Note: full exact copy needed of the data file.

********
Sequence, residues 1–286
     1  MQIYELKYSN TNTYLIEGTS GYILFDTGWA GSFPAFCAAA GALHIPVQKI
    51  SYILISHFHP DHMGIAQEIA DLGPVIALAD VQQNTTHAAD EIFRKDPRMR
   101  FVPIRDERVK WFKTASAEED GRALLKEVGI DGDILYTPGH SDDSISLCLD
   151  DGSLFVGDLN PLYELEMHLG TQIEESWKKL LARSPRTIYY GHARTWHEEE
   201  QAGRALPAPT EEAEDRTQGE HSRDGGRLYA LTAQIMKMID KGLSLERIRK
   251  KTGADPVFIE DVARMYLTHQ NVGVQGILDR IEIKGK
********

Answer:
Sequence, residues 1–286
     1  MQIYELKYSN TNTYLIEGTS GYILFDTGWA GSFPAFCAAA GALHIPVQKI
    51  SYILISHFHP DHMGIAQEIA DLGPVIALAD VQQNTTHAAD EIFRKDPRMR
   101  FVPIRDERVK WFKTASAEED GRALLKEVGI DGDILYTPGH SDDSISLCLD
   151  DGSLFVGDLN PLYELEMHLG TQIEESWKKL LARSPRTIYY GHARTWHEEE
   201  QAGRALPAPT EEAEDRTQGE HSRDGGRLYA LTAQIMKMID KGLSLERIRK
   251  KTGADPVFIE DVARMYLTHQ NVGVQGILDR IEIKGK